helens_daughter (helens_daughter) wrote,
helens_daughter
helens_daughter

The Bees of Malia

In 1915, archaeologists began digging at a site 45 km east of Heraklion and Knossos.  What they uncovered was the palace site of Malia, the third-largest in Crete after Knossos and Phaistos.

Unlike Knossos and Phaistos, Malia's ancient name isn't known.  Its Old Palace was built between 1900-1800 B.C. and destroyed 1700 B.C., and its New Palace went up circa 1600 B.C. and was destroyed around 1450 B.C.--in short, following the patterns of building, destruction, rebirth, and destruction that befell its larger counterparts.

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Malia has yielded a variety of rich artifacts, some of the most splendid from the Old Palace-era cemetery nearby, called Chrysolakkos ("pit of gold") for the splendid objects farmers sometimes discovered there.  Of these, the most famous is the Malia Bee Pendant, which depicts two honeybees or possibly wasps storing honey in a comb.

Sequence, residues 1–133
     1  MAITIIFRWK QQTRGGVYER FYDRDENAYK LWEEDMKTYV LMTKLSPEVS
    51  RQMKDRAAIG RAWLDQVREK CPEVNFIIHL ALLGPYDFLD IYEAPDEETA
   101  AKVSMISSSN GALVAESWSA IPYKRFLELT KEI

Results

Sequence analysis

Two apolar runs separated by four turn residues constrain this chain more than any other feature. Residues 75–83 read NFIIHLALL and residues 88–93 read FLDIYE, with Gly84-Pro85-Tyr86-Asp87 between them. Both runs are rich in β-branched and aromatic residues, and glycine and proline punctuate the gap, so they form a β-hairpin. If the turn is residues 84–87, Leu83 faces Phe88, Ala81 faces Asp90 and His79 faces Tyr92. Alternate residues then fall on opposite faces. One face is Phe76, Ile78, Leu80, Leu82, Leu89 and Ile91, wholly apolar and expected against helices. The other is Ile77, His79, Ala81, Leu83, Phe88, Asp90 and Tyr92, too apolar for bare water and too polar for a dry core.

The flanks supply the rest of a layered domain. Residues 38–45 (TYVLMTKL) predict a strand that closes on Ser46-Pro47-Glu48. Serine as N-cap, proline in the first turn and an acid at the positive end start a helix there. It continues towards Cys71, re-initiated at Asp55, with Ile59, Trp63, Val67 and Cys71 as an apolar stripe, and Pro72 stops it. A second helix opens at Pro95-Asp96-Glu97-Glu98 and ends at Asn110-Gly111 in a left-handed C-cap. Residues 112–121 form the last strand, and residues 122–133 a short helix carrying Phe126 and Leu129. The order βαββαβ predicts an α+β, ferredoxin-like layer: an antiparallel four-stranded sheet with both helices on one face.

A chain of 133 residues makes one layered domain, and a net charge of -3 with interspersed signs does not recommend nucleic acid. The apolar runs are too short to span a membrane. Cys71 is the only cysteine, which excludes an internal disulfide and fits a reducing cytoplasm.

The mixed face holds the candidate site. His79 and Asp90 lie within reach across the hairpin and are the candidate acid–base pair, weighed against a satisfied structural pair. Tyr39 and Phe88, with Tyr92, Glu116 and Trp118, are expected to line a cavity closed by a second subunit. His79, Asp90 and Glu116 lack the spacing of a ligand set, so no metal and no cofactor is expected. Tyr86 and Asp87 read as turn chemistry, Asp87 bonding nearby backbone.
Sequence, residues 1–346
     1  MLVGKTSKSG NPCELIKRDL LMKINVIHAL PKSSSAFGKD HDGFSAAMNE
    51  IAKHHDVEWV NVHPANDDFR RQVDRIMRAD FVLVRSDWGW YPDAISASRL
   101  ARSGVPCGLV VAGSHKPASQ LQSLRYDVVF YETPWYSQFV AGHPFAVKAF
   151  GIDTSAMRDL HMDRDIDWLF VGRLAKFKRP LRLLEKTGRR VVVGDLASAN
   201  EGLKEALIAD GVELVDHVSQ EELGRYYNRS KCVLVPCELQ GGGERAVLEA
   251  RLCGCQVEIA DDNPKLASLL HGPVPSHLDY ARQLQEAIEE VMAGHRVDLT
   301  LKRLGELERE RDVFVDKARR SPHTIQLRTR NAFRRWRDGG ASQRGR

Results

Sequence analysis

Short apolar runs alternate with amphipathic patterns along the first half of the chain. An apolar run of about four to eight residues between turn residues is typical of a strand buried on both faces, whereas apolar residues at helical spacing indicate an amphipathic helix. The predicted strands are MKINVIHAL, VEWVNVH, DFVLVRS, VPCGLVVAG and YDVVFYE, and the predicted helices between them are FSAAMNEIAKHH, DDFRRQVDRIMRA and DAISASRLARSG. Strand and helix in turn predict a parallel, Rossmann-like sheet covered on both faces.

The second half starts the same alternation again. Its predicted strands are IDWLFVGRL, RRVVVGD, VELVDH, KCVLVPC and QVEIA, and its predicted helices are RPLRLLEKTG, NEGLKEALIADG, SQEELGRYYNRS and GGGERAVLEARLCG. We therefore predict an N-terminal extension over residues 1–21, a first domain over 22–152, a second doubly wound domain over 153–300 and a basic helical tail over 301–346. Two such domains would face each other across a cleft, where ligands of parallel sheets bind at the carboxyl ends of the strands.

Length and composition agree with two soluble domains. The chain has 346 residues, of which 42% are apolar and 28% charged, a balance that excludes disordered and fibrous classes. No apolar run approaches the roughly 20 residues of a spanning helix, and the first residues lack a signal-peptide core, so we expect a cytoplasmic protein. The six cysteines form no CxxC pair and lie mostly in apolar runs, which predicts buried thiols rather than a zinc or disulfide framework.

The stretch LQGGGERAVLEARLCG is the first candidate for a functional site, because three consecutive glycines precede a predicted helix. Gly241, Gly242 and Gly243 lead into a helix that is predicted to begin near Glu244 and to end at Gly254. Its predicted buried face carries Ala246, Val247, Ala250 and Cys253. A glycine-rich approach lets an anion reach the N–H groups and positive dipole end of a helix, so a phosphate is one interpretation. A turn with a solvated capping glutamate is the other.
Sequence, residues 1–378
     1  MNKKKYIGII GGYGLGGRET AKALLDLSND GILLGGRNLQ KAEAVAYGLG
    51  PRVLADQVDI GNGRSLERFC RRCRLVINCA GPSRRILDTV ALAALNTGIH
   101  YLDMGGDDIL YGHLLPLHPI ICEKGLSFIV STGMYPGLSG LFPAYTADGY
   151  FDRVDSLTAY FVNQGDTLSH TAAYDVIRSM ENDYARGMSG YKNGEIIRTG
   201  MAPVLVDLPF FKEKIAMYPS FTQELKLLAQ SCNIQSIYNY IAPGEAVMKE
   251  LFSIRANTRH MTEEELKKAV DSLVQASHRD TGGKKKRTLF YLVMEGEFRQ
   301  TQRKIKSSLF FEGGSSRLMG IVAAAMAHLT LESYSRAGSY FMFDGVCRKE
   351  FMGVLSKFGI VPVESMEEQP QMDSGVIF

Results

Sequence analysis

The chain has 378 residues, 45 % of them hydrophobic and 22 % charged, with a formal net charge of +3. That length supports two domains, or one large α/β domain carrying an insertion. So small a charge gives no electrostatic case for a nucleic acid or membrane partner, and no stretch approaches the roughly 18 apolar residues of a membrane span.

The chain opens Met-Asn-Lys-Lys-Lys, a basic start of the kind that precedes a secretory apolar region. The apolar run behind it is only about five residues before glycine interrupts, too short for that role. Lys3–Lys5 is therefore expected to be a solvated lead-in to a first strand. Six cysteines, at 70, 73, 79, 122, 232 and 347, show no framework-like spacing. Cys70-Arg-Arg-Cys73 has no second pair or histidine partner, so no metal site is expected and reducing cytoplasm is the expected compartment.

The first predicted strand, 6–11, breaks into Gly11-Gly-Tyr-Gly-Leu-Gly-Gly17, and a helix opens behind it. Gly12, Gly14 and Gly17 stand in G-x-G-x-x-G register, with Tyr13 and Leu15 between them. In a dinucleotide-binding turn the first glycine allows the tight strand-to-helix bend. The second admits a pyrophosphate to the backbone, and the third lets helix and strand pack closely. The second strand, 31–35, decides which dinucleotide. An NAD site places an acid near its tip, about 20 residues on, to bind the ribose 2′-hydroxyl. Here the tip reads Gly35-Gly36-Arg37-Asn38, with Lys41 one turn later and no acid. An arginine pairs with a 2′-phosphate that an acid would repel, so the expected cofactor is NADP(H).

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The Bee Pendant, for which there are many reproductions you can buy and wear, features fine granulation; you can see the same technique on another bee pendant below.  I've often wondered if the circular drops held pearls.

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Bees were sacred in Crete and in the Near East, and the Minoans kept beehives.  There was even, as some believe, a Minoan bee goddess named Melit, Melitta, or Melissa, though none of these names has ever been found on a list of Minoan deities.  If she existed, she was probably a minor aspect of some other goddess. 
Tags: archaeology, artwork, bees, jewelry, knossos, malia, minoans, phaistos, religion
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